Ottawa PC Users' Group, Inc.
 Product Review 


Windows XP Personal Trainer
a book review by Sarah Gelfand

From the point of view of a relative novice in the world of computer operation, this book is a user-friendly introduction to learning the XP Home program. Someone with no previous computer experience would find the language and the instructions clear and explicit. The illustrations are very helpful and there is a casual approach to learning. The step-by-step instructions are easy to follow, giving the learner a feeling of accomplishment very soon in the process. There are thirteen chapters, at the beginning of which the objectives of the chapter are outlined. The chapters are divided into short lessons. One follows the step-by-step instructions, after which there is a short summary of points called "Quick Reference". Therefore, if one has absorbed the steps, the Quick Reference acts as sufficient reminder of what has been covered. At the end of each Chapter, there is a Lesson Summary, and for the more studious, a Quiz, Homework, and Quiz Answers.

The first four Chapters are essential to the beginning learner: fundamentals such as logging on and off, looking at the start menu, and using the mouse and keyboard. Using the WordPad program, one learns how to start a program, learns the parts of a Window, how to change its size and location, switch between windows, tiling and cascading, etc. Again, using WordPad, one learns to use menus and toolbars, a dialog box, entering and editing text, printing a file, cutting, copying a pasting text, saving and opening files in different locations. The style of the text can be changed by knowing how to change the font and the size of letters, to underline, to use bold letters and change the paragraph alignment. Next, in the Working with Files and Folders lesson, the instructions encompass navigating through files and folders, opening, creating, renaming, copying, moving, and deleting files and folders. One can learn to restore a deleted file and to empty the Recycle Bin. Searching for a file is also covered.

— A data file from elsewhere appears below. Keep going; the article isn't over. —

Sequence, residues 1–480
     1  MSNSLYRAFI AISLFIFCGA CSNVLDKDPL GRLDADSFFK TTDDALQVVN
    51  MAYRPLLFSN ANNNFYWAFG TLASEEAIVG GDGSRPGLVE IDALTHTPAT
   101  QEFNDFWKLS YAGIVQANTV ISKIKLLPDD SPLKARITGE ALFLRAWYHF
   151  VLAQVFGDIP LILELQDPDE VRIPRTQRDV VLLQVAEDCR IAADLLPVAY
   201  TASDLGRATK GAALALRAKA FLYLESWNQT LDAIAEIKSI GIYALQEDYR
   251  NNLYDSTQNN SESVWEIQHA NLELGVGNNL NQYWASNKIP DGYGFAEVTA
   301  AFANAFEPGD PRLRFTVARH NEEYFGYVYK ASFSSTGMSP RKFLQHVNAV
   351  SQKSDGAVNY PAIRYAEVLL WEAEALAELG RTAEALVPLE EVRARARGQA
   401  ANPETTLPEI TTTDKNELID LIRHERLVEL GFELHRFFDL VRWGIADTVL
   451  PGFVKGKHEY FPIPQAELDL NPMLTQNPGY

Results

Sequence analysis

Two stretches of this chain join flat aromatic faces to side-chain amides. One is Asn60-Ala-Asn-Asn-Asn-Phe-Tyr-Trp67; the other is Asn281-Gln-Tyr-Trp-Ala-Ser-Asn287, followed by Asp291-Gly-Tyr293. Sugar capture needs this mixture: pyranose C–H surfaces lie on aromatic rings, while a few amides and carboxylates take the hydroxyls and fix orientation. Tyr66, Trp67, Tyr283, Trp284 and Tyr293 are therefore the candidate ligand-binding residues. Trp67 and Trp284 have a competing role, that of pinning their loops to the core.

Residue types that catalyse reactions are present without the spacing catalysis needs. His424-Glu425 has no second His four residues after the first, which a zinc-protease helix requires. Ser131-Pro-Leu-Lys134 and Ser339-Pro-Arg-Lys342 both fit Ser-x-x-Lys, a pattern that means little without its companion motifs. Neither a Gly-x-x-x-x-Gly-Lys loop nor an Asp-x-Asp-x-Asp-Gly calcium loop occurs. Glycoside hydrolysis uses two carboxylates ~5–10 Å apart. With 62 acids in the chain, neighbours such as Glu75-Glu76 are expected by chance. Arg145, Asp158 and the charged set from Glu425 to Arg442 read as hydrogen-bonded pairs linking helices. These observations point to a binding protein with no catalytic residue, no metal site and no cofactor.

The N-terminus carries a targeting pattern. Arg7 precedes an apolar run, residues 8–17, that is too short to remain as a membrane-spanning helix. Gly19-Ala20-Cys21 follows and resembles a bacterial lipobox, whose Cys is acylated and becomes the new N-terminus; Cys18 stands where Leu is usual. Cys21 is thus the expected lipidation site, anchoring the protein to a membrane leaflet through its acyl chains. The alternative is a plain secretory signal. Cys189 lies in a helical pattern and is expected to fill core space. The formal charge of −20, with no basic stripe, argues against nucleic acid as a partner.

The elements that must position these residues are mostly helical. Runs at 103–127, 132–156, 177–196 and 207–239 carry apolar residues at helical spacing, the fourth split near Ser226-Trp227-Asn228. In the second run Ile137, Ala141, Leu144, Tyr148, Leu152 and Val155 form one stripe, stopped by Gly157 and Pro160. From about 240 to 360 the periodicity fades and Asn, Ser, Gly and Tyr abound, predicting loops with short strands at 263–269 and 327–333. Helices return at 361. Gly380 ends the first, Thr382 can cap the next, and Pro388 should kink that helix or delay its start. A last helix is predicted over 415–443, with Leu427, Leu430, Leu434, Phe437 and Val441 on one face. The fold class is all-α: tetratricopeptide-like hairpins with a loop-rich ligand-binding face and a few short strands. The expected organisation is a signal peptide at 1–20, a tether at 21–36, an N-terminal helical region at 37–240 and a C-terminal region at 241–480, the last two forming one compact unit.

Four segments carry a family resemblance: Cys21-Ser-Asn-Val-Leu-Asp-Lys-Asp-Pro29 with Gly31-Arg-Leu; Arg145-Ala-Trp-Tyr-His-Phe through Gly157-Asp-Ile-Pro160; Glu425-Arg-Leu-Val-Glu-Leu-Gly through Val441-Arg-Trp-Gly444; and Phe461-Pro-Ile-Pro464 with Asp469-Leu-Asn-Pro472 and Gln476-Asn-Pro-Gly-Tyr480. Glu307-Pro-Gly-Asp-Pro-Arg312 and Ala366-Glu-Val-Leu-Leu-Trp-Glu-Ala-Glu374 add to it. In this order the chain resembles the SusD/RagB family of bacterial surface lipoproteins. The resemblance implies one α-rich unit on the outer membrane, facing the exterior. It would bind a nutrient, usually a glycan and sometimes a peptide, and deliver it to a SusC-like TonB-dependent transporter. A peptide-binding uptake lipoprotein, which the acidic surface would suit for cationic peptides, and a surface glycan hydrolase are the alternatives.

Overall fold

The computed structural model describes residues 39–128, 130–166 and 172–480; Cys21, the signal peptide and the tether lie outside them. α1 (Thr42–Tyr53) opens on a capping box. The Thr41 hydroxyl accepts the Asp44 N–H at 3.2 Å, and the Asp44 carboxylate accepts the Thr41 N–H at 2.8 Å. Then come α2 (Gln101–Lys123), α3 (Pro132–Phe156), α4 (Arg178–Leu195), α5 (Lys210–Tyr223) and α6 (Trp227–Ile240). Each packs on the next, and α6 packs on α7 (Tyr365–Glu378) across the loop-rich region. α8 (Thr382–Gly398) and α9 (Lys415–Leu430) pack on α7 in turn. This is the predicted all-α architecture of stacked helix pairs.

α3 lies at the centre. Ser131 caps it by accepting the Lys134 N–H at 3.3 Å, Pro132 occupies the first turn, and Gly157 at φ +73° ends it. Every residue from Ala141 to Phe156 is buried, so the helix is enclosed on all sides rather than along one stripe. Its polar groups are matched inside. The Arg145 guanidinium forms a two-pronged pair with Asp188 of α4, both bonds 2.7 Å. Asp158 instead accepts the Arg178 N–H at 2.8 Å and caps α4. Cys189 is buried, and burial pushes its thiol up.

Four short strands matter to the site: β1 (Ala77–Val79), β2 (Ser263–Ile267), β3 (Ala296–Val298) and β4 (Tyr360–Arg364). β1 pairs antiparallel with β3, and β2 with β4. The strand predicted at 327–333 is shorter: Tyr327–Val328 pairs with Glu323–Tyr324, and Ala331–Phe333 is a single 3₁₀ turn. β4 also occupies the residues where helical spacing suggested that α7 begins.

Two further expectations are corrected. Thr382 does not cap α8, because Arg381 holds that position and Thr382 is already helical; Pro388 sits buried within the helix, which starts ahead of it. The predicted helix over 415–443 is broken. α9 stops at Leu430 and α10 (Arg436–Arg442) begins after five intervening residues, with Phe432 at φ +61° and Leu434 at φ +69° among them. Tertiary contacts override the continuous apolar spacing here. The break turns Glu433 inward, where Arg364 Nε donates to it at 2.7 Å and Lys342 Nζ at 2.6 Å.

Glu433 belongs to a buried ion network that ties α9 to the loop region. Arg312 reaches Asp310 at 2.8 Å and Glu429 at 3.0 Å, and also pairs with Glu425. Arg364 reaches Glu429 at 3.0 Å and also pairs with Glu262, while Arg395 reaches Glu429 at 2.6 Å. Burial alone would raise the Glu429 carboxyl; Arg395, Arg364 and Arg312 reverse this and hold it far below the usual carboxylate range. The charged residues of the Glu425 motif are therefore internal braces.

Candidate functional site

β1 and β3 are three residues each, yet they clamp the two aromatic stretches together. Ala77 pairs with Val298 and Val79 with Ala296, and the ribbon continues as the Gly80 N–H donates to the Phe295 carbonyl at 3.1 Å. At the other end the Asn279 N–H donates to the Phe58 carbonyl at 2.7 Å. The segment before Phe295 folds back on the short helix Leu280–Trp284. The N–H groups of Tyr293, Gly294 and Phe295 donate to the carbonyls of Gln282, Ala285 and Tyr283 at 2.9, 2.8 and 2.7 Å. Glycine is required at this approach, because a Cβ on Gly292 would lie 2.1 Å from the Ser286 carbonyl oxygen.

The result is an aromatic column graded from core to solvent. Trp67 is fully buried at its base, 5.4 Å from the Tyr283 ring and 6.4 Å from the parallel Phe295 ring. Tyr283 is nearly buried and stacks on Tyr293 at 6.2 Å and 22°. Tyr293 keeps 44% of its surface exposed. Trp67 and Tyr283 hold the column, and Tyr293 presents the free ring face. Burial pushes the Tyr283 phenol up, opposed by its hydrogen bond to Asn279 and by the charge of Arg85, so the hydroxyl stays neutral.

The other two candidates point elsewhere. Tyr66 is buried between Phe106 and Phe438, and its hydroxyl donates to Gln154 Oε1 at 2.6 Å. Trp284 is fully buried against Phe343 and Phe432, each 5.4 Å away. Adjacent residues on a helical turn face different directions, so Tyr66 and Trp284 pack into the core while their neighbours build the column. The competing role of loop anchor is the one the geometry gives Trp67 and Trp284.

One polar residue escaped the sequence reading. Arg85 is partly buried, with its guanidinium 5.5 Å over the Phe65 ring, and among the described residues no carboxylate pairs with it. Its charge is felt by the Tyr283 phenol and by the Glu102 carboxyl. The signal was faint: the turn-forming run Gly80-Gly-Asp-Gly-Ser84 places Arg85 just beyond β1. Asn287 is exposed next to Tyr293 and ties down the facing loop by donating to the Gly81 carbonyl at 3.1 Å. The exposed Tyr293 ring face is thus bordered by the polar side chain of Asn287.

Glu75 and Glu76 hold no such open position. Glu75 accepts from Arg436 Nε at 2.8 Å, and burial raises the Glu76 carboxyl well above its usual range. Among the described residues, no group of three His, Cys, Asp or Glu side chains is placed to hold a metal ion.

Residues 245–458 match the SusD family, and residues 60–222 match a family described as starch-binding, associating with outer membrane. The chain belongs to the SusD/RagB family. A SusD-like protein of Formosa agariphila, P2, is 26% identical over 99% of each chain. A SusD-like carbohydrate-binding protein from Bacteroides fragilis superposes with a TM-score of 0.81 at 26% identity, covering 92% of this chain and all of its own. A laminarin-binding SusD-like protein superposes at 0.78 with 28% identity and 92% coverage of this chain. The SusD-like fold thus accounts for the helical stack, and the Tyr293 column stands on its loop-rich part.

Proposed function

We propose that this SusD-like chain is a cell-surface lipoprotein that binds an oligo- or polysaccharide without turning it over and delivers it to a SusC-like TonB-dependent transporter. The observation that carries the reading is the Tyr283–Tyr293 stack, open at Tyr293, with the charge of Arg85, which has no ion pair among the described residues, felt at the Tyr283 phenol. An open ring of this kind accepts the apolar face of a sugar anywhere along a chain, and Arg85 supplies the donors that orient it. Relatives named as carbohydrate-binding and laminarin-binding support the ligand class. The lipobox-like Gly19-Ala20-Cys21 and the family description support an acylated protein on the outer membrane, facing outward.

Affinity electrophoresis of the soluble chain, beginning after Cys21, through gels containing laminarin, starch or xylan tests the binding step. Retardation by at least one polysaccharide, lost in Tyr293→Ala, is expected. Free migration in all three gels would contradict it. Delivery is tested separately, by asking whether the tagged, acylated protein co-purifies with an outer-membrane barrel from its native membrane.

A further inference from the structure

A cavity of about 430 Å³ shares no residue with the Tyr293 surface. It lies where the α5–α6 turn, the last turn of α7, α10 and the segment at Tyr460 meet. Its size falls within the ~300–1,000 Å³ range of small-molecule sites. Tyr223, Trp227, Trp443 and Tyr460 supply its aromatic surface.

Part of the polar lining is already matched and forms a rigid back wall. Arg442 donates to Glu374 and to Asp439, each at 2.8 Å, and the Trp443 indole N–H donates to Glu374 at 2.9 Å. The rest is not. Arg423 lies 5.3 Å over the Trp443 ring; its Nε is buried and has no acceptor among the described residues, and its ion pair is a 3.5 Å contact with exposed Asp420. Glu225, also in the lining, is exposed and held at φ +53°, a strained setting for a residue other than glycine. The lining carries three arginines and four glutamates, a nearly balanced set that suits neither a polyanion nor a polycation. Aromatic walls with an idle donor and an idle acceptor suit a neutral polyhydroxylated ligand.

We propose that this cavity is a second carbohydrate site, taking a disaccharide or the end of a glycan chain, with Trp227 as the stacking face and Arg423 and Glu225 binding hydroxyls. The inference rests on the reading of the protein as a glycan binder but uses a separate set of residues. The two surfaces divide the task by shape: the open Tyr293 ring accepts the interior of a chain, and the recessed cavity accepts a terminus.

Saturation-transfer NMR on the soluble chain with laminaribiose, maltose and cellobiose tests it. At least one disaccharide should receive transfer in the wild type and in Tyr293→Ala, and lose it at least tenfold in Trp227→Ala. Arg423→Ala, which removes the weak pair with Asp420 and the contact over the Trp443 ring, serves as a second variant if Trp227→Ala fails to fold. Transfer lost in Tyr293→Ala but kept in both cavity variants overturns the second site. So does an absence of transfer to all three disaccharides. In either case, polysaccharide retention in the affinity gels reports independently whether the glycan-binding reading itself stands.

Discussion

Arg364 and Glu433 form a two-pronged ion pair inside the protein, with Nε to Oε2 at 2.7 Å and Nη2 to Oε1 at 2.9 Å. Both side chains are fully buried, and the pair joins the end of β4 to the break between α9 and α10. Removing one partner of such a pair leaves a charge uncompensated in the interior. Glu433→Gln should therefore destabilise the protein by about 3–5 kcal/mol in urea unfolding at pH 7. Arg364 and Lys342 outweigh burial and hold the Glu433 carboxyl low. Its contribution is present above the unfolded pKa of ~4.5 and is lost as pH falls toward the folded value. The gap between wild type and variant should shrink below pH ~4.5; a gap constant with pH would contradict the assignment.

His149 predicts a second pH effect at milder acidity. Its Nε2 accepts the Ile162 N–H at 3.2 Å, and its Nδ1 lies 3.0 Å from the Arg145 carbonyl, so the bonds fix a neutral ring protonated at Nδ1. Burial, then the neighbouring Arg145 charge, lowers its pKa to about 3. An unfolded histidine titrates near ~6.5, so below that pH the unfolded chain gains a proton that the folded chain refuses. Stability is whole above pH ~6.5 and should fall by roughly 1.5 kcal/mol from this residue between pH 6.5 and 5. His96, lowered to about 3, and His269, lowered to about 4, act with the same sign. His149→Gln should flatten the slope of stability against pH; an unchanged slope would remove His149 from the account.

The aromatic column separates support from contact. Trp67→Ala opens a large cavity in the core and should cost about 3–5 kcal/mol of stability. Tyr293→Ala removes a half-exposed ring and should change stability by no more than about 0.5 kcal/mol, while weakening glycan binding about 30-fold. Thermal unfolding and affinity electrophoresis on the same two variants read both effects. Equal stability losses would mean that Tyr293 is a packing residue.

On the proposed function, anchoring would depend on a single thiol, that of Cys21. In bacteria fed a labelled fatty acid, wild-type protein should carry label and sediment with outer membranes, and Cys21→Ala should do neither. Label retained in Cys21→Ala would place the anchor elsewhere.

Chapters 5 to 8 inclusive: Customizing the Taskbar and Desktop, Customizing Windows, Free Programs, and Working with Pictures and Multimedia are in the "nice to know", not "must know", and can be left to some later time. Also in the "nice to know" are Chapters 11, 12 and 13: Passwords, Log-ons and Accounts, Networking with Windows XP, Setting up a Network.

More relevant are Optimizing and Maintaining Your Computer and Exploring the Internet. Optimizing and maintaining the hard disc is important and certain operations should be repeated on schedule such as scanning for disc errors, defragmenting and disc cleaning (e.g. removing temporary files). The hard disc should be freed to create as much available room as possible. Also, updating Windows XP should be done fairly frequently. It is also useful to learn how to restore your computer in the case of procedures that did not go well. Installing, Adding and Removing Software, and Installing a Printer are also very useful to know.

Exploring the Internet is something every computer user wants to do. Therefore, learning to browse, search, add favorites, and understand security and the Windows Firewall are particularly important. Then one is introduced to using e-mail, composing and receiving e-mail, using the address book, replying to and forwarding and deleting a message, all of which are essential to know.

In conclusion, this book rates a 10 for easy comprehension and is a "must have" for the beginner with the objective of learning to operate Windows XP.


Bottom Line:

Windows XP Personal Trainer
by CustomGuide Inc (
http://www.customguide.com/)
Publisher: O'Reilly Books (
http://www.oreilly.com/)
First Edition: November 2004
Series: Personal Trainer
ISBN: 0-596-00862-7
480 pages, $43.95 CAD

Visit http://opcug.ca/public/promos.htm for a 30% OPCUG discount on this and other O'Reilly books.


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Ottawa Personal Computer Users Group (OPCUG), Inc.
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